I've noticed something, both about myself and about people I've interacted with over the past two days.
We're all pretty troubled and surly.
As it seems to be a fairly universal theme, bridging the gap between conservatives and liberals, men and women, coastal and heartland folks, I suspect there's something more than just a general malaise at work here. It can't be the weather, altho some of the country is getting hammered pretty hard, but not all of us.
As best as I can figure, it's the letdown after Osama bin Laden was killed.
Yea, I know, sounds silly. After all, this was the Big Cheese, the guy we should have gotten years ago, put on trial and convicted (because it's pretty clear he was guilty), and had a national celebration.
We did have that celebration in absentia, of course: crowds lined Times Square and Ground Zero. The nationally televised baseball game showed the Philadelphia fans (ironically, with the game in the 9th, 1-1) laughing and shouting "U!S!A! U!S!A! U!S!A!" A short explosion, a release of the strain of a decade (and more, for those of us paying attention since at least 1993), a firework of elation.
Despite the initial joyous reaction, I wonder if there isn't a hangover at play here. What's really changed? We'll still line up at airport security, take our shoes off, and carry no more than 3 oz of shampoo in our carry-on bags. We'll still be asked to "See Something, Say Something." We'll still hear how our President is a Muslim pretender (despite having killed three high profile Muslims in one week.) We'll still see cops and Guardsmen on the streets, automatic weapons in hand. We'll still be reminded nearly daily that we are at war with East Asia, I mean, Oceania.
It will be sanitzed for your comfort, of course, just as the administration wrings its hands over releasing a photograph of bin Laden's dead body.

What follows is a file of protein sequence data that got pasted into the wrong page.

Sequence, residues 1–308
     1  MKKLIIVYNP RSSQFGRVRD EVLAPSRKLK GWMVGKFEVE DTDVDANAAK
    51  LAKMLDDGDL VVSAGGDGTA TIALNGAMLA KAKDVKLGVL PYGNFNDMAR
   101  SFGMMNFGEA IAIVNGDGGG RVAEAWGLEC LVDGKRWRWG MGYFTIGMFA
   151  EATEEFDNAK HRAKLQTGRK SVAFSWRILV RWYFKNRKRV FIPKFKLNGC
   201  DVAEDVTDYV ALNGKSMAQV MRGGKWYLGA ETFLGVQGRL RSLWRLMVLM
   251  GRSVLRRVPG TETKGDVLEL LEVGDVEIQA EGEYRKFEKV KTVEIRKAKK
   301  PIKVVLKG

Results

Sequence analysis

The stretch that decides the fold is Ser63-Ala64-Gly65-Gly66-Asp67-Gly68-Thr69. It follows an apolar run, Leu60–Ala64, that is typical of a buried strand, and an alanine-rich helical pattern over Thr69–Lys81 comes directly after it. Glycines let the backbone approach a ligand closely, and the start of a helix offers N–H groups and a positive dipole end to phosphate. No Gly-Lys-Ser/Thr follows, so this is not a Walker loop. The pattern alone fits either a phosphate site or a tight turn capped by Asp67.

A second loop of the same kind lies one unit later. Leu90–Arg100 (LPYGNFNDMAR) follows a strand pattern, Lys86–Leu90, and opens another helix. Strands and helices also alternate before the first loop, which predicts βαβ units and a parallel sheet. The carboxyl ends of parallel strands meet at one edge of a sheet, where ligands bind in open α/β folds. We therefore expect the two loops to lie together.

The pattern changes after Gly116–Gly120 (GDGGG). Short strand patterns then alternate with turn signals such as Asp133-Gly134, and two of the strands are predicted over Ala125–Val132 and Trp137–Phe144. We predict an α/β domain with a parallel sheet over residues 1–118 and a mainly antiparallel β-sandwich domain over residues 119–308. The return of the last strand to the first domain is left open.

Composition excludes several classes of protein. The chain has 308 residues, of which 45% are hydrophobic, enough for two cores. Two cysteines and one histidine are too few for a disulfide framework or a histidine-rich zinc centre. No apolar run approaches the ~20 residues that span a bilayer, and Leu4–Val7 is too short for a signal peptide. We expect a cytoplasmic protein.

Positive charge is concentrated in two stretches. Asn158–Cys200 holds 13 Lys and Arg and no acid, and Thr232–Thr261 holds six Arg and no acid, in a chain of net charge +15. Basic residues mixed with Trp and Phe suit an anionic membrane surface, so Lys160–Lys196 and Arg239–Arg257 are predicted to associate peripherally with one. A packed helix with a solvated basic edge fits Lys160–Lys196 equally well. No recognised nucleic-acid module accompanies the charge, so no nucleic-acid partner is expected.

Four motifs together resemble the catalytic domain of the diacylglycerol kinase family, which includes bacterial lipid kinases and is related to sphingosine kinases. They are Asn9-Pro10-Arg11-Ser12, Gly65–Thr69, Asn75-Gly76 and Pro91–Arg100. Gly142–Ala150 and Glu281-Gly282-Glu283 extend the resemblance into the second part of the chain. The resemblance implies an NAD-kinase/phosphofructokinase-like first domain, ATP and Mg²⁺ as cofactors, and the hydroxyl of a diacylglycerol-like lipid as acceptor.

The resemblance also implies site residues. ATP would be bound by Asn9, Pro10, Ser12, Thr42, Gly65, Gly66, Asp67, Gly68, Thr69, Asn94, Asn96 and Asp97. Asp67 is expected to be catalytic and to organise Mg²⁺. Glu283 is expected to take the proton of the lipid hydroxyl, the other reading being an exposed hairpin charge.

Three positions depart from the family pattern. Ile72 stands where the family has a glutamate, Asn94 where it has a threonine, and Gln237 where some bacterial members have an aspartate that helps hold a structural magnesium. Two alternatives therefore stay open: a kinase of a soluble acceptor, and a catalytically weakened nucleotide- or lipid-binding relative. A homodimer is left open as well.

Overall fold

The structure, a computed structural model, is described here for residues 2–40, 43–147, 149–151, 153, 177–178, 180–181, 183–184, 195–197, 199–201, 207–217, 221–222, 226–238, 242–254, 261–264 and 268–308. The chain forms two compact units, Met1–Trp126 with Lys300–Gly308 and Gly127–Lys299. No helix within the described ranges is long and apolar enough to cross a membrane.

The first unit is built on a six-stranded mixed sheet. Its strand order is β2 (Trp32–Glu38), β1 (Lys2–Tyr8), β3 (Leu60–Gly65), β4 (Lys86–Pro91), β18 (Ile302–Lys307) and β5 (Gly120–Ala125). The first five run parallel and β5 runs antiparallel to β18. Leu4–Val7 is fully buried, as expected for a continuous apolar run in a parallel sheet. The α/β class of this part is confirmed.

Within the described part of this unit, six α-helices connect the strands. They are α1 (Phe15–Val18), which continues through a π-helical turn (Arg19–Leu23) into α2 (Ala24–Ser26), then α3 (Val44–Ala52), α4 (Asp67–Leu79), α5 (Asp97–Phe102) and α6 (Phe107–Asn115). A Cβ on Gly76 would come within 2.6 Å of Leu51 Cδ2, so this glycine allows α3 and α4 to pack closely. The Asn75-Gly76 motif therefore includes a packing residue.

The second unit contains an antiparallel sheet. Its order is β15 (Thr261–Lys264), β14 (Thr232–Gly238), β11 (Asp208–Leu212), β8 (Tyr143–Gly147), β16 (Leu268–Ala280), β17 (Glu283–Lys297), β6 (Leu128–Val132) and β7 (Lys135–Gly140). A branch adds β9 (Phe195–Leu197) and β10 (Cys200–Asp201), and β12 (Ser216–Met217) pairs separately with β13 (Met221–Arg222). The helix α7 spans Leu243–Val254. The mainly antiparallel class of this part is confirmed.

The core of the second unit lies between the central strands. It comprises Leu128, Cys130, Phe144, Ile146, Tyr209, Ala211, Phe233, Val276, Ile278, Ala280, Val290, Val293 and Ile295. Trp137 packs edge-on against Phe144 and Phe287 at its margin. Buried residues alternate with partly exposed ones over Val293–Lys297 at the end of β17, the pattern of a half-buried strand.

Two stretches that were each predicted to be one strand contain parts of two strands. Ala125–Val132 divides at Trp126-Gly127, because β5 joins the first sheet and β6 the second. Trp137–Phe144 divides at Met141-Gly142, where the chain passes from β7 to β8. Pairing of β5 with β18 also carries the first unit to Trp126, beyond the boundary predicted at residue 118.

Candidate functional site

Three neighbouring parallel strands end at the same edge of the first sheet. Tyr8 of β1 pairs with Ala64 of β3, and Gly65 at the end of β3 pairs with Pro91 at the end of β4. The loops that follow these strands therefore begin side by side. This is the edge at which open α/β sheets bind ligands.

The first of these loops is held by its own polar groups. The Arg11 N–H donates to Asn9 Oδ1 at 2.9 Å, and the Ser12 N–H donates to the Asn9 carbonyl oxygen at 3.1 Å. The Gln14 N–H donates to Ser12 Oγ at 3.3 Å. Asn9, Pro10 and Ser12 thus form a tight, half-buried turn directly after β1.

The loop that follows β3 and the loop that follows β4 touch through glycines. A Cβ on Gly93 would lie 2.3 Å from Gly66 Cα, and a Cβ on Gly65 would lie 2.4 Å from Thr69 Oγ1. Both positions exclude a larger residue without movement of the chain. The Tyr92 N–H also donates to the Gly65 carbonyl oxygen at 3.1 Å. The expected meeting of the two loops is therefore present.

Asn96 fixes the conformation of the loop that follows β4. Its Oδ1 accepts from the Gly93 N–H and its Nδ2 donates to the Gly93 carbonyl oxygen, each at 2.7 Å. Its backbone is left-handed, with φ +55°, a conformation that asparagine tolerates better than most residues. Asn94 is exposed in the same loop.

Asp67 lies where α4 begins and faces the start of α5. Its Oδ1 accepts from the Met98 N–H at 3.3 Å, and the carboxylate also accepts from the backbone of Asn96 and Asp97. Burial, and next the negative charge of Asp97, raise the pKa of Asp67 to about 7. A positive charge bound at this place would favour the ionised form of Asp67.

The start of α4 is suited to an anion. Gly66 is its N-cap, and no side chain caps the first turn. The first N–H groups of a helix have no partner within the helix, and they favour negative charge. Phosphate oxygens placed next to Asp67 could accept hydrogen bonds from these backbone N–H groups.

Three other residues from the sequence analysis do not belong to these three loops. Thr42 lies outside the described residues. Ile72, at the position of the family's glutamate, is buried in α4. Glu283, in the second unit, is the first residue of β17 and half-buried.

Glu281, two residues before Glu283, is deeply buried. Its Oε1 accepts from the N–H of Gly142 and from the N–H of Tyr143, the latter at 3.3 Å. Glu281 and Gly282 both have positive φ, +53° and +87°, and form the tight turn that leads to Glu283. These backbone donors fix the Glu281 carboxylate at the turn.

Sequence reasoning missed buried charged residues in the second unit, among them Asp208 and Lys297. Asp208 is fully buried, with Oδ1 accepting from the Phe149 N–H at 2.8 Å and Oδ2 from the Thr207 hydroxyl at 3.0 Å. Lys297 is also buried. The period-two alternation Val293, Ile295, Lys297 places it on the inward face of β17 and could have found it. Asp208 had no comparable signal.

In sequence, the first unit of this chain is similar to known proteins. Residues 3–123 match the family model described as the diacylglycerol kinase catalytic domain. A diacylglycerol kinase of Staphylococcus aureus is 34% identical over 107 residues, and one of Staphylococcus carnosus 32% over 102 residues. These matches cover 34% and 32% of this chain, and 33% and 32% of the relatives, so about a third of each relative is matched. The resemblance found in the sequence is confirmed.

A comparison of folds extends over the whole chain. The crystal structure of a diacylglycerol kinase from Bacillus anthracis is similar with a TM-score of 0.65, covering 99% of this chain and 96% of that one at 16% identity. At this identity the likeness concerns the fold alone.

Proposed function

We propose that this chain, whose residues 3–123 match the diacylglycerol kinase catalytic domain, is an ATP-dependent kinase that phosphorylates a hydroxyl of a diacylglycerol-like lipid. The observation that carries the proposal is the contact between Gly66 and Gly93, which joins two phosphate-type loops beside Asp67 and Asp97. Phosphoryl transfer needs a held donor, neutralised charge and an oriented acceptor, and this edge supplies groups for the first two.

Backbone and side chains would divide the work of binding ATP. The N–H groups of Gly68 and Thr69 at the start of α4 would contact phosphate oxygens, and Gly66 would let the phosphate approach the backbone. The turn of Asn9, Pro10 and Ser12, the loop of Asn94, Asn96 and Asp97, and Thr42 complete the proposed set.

Is it that things won't change? Al Qaeda, when the towers were attacked, numbered about 200. Now it's in the tens of thousands. I expect that number to explode as both the global economic meltdown wends its ways thru the poorer quarters of the world and as a mythology about Osama bin Laden is gilded and passed on. We're still in danger, lest anyone believe otherwise, and maybe at heart that is what bothers us most.
Is it the uncertainty, knowing that we might be a little safer, but perhaps not? Is it just a "that's all there was?" moment that sees us as a nation, embued in the media and in our mythology with crescendic endings, hearing about the death of the "monster" and realizing, at last, that he was just a man?
Rightly, he was the embodiment of the enemy we face, the public image of a network of people who would see us harmed for the sake of their beliefs. And wrongly, he was the embodiment of the enemy we face, for he was much less than that enemy.
In our simplistic worldview, perhaps we hoped that eliminating him eliminated Al Qaeda, but we also knew better. In a reverse-Pandora's Box scenario, those hopes have now been liberated, and Pandora has only trapped depair within.
Perhaps despair is too strong a word. Resignation fits better, I think.
I wanted to see bin Laden standing in the dock, preferably here in New York. I wanted to hear what he had to say, live and without the assistance of a video camera to remove him one level from other humans.
I want to see Khalid Sheik-Mohammed, too, right here in my city, the city he so wounded, the city that still has struggles in its return to its pinnacle. I reinforce my call for the Obama administration to bring him here for trial, especially now that the only man whose trial would have done justice to the crimes committed has been killed with extreme prejudice.
President Obama said "Justice is done." True. But it was an easy justice, a cowboy's justice, the kind of justice that you do when you don't have recourse to a court. I'm against war, against the death penalty, for precisely that reason. We are a better nation than this, even if recent evidence suggests we've slid back a hundred years into a dingy past of economic slavery, intolerance and injustice.
I want America back. And that's why I'm surly.